omission 96, 101
orality 40, 145, 149-151, 154-155,
157-163
double-frozen orality 159-160,
162-163
frozen orality 145, 150, 155,
157-159, 161, 163
original 11, 30, 46, 49, 57-58, 6162, 91-94, 96, 98-100, 102, 119121, 150, 153, 155-157, 159163, 167-171, 176, 183, 186,
191, 194, 196-197, 201, 214,
224, 243, 252, 272-273
286
P
paralanguage 169-173, 182-187
patient information
leaflet/patient package insert
237-248, 250-252, 254, 259261, 263-265, 267, 269, 272273
patronage 53-54, 200
performance 35, 37, 39-41, 4449, 145, 147, 150-151, 156,
158-163, 183, 191-194, 197-201
playful translation 191, 195-201
poetry 45, 47, 145-150, 154, 159160, 162
police interpreting 127, 130
polysystem 145-147
Portugal 205-206, 208-214, 217,
221, 223, 225, 229-231
Portuguese 205-206, 208-217,
221-225, 229-233
professionalism 131, 136, 138139, 237, 239, 244-247, 249254
propaganda 40, 43, 45, 49, 118,
146
public service interpreting 10,
127, 131, 133, 138, 140
publishing house 40, 103
R
readability 237-255, 259-261,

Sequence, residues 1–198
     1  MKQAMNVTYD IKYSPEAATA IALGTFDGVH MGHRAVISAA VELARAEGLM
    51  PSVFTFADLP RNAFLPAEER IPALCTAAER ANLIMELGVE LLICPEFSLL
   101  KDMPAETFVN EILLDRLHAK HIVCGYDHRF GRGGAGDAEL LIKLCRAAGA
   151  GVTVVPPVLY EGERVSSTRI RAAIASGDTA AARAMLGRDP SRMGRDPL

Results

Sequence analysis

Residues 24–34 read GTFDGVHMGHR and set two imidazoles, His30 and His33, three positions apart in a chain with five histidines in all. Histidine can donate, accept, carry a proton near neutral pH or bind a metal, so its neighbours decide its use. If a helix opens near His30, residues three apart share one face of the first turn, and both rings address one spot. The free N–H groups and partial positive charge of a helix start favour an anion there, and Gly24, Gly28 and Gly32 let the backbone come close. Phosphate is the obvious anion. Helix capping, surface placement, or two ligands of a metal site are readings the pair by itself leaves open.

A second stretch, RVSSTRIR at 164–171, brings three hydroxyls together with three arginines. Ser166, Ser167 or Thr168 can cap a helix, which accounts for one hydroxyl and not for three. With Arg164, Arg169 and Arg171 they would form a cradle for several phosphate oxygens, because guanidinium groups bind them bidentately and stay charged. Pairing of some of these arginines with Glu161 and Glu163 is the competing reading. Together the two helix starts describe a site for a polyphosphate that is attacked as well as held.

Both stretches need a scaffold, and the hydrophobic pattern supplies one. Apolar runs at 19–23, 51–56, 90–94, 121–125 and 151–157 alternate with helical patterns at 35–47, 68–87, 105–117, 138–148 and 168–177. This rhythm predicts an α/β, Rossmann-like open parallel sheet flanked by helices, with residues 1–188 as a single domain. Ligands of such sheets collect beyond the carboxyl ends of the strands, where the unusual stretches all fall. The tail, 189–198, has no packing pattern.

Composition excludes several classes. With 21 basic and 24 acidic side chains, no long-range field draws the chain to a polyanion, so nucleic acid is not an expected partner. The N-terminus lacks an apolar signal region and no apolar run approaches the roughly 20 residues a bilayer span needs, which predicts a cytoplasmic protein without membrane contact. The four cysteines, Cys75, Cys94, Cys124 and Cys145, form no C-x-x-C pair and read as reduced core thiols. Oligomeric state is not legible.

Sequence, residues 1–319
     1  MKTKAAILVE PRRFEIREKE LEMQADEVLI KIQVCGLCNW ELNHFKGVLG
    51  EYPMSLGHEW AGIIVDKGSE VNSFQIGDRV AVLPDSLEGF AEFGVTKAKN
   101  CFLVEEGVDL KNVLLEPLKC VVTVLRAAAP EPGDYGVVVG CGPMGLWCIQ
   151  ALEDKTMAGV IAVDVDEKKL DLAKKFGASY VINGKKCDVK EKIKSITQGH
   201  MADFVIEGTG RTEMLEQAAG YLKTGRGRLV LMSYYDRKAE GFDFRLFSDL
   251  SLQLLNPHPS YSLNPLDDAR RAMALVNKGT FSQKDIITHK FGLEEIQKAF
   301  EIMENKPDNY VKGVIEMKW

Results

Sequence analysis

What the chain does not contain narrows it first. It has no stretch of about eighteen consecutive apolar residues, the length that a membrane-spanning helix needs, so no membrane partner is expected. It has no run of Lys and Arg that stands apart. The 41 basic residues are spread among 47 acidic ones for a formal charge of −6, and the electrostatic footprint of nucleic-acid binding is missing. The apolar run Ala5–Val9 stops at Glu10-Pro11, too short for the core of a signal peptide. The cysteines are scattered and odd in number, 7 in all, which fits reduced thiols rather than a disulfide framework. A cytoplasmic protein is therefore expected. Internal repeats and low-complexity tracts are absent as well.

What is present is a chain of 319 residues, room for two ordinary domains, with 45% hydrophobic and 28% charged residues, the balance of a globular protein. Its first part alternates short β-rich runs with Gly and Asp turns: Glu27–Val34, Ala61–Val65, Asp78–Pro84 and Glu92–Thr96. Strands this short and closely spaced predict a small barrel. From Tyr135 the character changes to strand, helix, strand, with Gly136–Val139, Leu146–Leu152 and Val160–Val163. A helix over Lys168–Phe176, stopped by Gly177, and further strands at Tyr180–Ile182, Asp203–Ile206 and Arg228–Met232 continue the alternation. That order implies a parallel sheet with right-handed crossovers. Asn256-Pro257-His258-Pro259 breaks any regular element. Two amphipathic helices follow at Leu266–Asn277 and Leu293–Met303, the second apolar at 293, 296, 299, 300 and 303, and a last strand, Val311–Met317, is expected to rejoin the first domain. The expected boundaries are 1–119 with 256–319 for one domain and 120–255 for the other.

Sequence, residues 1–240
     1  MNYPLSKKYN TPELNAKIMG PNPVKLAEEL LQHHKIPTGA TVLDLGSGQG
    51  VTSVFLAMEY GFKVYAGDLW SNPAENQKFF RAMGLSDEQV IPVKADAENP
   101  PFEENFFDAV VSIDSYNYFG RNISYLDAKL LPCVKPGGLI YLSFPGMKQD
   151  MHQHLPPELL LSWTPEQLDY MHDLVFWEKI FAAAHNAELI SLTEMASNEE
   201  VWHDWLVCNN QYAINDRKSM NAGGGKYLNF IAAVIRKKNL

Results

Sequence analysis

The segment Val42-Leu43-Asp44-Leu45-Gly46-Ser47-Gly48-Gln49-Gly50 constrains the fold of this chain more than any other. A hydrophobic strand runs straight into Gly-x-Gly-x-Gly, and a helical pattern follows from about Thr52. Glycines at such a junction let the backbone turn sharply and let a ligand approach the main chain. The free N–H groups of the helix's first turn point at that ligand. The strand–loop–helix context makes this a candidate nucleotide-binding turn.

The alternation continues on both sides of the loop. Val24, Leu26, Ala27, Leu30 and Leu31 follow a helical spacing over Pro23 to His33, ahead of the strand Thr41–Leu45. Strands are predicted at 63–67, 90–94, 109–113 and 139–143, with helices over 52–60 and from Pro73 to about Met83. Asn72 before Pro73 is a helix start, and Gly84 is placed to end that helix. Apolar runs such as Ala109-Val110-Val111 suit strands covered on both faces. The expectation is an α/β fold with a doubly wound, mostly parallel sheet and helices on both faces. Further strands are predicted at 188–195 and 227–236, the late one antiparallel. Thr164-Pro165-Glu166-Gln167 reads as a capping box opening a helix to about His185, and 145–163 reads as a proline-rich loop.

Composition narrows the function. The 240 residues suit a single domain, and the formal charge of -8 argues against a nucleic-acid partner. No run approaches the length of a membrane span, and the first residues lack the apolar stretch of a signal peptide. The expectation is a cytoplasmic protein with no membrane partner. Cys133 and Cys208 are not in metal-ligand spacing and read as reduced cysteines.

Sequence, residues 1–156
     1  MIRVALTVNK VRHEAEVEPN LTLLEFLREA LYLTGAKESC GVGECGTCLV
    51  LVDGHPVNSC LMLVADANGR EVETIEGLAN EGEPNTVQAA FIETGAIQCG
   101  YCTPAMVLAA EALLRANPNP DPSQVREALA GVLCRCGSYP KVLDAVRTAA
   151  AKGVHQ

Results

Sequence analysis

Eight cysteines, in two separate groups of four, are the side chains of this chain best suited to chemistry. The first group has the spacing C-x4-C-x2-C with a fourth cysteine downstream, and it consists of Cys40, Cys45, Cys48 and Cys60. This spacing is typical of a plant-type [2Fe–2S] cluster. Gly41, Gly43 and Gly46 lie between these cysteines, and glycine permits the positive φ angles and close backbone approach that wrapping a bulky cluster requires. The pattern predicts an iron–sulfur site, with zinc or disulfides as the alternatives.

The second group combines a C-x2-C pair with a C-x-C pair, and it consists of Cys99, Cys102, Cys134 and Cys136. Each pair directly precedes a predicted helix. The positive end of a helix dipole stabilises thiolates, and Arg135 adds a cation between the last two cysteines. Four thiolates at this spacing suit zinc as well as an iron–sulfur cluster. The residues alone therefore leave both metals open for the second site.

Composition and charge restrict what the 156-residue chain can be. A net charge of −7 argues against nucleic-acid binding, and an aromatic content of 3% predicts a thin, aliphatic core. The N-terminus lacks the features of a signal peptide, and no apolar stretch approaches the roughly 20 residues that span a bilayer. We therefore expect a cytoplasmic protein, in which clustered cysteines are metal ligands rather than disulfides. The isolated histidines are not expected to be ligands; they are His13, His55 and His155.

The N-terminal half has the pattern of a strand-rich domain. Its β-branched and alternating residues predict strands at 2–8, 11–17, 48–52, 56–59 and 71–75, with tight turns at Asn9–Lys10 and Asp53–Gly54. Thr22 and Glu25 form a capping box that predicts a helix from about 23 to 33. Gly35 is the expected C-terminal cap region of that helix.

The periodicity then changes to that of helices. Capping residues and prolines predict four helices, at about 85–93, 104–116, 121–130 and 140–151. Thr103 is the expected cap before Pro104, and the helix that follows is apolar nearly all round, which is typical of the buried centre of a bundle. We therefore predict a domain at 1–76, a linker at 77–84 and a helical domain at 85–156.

266, 269, 272
realia 147-150, 154-155
repetition 137, 148-149, 154,
160-163, 179
rewriting 38, 54, 91, 151
Subject Index
role
interpreter’s role 9, 12-13, 2426, 28, 136, 139, 196
translator’s role 9, 12-13, 114
Romania 35-41, 45-46, 48, 71-75,
77-82, 84-86
Romanian 35-39, 41, 44-49, 7577, 79-80, 85-88
Russia 145-147, 152-153
Russian 39, 44, 49, 117, 121, 145161
S
selection policies 35, 45-46
sitcom 167-170
Skopos theory 110, 115
Slovenia 91-94, 96, 101-102, 105
Slovenian 91-102, 104, 105
socialism 92
sociology 21, 23, 81
source text 12, 58, 63-64, 66, 91,
115, 153, 155, 157, 162-163,
200, 237, 239, 243, 248, 252254
Soviet Union 39, 104, 105, 117,
147
Spain 36, 47, 54-57, 61-62, 66,
127-130, 132, 138, 260-261,
263, 268, 272-273
Spanish 35-37, 45-49, 54-56, 58,
63-64, 120, 127-132, 135-137,
139, 223, 229-231, 259, 261,
263, 268-269, 271-274
standardisation 102, 227-228,
268, 271, 273
statute 212-213
sub-competence 239, 246-255
Sweden 59
Subject Index
T
target text 10-12, 115, 149, 151,